Will anyone who is currently predicting U.S. energy independence be punished if the story turns out to be wrong? I ask because the story–and that\’s all it is right now–appears to be driving public policy and business planning practically worldwide.
Often implied with that narrative is a corresponding abundance of oil globally. In fact, some are predicating worldwide abundance on a continuous rise in U.S. oil output. This is despite the fact that even many optimistic forecasts make such ideas seem foolish. The actual data for crude plus condensate (which is the definition of oil) show oil production in the rest of world declining almost as much as the United States has increased its production from 2005 onward. Worldwide crude volumes have barely nudged upward in the last eight years, just 2.7 percent versus 10 percent in the previous eight-year period, according to the U.S. Energy Information Administration. This is despite record oil prices and record investment!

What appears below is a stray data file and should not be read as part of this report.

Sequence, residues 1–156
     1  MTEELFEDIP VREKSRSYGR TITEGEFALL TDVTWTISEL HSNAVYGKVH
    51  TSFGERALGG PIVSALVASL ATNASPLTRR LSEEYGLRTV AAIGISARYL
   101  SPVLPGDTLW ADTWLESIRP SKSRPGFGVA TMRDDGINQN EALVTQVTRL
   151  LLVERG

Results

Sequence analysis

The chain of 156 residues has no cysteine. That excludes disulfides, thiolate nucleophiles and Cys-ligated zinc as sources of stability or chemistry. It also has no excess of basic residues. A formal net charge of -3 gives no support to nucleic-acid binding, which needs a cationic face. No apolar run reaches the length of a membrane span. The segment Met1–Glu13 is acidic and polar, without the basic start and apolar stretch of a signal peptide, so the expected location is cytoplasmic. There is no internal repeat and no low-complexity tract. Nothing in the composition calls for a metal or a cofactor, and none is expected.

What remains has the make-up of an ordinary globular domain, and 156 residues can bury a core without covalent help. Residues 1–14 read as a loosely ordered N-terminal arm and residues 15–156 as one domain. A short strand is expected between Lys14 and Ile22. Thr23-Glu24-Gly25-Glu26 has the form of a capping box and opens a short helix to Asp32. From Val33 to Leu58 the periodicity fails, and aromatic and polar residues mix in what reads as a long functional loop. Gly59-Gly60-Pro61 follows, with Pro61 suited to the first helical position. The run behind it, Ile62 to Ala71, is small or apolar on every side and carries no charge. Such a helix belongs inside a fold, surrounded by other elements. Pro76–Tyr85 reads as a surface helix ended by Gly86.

Now, a lot of people stand to get hurt by the energy independence/abundance story–which is, in effect, a forecast–if the story turns out to be wrong. This is because governments, businesses and households will not have prepared themselves for a negative surprise–all because they were assured that the United States and even the world had nothing to worry about when it comes to oil supplies.